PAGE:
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Catching up

It's been a few weeks since my last blog post, probably due to my every spare moment being spent working on jobs that have been on the back burner over the summer. As well as finishing a load of pieces for family and friends, there has also been the small matter of the huge backlog (excuse the pun) of big bits of tree that have accumulated in the barn waiting to be milled into usable timber.

The boys at Arborist Tree Care have been hard at work extracting large pieces of oak, white beam and sycamore from woodland in the Riven Valley, so now it is time to start processing all this wood and turning it into something useful. Its very hard and laborious work - lots of heavy lifting with the crane to get the logs onto the mill, then the sawing of endless boards from each stick. Once this is done, then each cut board must be treated with borax to deter woodworm, have each end sealed with wax, and then they are carefully stacked into 'sticked' piles to allow them to dry properly, and to keep all the planks nice and flat.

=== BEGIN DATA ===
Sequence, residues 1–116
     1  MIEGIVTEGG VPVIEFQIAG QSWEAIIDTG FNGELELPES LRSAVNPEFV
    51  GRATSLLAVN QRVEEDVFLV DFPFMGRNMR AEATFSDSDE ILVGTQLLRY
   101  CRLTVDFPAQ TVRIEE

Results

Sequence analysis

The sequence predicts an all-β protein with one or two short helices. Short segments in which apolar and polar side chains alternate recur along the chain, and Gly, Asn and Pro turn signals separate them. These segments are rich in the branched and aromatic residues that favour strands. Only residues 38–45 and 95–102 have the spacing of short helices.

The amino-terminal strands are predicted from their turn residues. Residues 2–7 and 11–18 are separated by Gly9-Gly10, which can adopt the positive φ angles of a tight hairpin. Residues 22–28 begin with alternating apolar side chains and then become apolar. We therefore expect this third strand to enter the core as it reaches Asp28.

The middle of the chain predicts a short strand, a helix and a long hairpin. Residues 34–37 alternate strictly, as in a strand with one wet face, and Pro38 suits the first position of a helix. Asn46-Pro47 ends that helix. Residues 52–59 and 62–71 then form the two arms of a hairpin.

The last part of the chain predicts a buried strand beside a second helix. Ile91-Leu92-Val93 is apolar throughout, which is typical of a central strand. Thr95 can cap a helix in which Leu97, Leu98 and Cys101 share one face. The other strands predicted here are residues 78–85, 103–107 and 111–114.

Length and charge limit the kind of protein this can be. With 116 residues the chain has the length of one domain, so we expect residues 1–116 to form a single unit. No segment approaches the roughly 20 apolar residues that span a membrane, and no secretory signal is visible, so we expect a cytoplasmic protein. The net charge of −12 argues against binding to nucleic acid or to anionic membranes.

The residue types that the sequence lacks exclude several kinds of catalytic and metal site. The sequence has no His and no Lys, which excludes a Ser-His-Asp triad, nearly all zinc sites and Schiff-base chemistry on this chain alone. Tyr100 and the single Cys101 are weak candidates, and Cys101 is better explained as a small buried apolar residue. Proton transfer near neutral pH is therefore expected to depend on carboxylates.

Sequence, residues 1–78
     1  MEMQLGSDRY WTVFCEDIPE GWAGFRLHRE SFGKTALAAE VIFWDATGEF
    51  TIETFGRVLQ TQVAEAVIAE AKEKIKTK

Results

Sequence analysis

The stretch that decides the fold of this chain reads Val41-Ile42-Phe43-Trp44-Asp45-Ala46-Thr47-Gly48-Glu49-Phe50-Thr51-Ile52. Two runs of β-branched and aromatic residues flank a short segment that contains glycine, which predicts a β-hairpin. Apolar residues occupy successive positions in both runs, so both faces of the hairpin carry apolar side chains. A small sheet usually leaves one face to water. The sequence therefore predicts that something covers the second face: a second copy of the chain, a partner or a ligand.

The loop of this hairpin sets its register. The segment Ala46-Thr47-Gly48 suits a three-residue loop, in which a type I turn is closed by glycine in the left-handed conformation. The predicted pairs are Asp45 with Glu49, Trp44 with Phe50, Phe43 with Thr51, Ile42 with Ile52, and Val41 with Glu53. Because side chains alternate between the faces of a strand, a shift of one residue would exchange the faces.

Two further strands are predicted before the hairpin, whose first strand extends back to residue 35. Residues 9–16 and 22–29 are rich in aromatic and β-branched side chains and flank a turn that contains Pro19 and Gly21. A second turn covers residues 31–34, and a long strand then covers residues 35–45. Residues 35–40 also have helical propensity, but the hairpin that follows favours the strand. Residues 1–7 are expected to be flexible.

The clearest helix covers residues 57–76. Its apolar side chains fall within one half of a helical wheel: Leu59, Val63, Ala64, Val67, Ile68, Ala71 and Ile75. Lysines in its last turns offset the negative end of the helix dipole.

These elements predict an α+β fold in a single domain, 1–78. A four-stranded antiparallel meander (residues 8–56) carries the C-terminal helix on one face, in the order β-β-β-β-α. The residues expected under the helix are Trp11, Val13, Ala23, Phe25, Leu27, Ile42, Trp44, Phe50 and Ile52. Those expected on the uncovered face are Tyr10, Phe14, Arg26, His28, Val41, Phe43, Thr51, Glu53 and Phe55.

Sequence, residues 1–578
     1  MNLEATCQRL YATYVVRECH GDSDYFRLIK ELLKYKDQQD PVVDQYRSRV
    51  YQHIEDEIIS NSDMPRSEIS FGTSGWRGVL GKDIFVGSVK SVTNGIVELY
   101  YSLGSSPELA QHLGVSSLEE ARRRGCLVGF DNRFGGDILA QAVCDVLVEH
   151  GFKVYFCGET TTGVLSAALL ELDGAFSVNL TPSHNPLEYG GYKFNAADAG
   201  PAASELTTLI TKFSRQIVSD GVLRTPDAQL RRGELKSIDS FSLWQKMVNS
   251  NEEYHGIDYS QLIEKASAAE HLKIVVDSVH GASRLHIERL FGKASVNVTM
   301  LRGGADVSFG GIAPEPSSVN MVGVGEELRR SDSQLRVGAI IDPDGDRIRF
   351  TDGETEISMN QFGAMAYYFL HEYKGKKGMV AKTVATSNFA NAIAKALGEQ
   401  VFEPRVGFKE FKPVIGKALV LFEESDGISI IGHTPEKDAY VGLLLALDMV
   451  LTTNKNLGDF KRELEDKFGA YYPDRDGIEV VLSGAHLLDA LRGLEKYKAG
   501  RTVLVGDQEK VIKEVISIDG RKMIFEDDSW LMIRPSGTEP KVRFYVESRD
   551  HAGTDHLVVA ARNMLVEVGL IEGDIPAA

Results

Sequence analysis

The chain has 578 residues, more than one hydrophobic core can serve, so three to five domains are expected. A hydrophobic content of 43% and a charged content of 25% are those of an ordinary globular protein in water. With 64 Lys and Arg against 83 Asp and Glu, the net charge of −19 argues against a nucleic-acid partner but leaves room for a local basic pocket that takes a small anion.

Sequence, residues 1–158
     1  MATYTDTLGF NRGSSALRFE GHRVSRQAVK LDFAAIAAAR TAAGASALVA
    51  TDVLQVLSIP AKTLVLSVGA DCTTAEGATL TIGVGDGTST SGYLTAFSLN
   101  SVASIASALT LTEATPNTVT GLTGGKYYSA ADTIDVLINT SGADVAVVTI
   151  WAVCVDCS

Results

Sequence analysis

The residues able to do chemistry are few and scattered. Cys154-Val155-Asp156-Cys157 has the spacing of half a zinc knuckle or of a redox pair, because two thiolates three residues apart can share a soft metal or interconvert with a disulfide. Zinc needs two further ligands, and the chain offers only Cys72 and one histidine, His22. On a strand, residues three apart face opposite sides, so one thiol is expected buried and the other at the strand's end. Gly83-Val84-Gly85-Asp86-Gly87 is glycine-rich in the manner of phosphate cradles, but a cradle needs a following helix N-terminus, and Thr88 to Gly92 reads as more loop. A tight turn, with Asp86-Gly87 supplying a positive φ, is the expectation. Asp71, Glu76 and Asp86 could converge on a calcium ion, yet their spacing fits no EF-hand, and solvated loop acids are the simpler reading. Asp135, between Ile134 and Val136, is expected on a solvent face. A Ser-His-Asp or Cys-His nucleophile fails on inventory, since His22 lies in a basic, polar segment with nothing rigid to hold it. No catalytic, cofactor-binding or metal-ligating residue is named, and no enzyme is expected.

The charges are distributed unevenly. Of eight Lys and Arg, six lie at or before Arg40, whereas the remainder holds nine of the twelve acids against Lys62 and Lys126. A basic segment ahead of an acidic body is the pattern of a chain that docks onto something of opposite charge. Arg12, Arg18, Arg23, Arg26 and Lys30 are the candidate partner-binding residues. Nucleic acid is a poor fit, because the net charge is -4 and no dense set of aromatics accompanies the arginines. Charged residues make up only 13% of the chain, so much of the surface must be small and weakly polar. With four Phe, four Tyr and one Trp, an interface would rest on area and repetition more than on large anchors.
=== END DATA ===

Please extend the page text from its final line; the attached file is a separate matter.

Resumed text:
It certainly makes me appreciate the effort that goes into preparing good quality timber - what we are producing is not the sort of wood you can by in a DIY superstore, or even at many commercial timber yards (which is normally cut by vast processing machines and kiln dried). Our wood is air dried, and will be used to make structures, furniture and flooring that will last for centuries.

The past week we have been processing a lot of oak. To get timber of the best quality, we have quarter sawn all this wood, which gives beautifully figured boards that are very stable in use.The only drawback is the faffing about and extra work this quarter sawing process take, but the results justify the workload.

The boys preparing a big piece of oak for quarter sawing

An elm porridge bowl

Tool trays from old floor boards

Bella the dog working in the sawmill - its quite noisy!

Coat rack in yew, with pegs of many wood species

Bowl  turned from a York Gum burl

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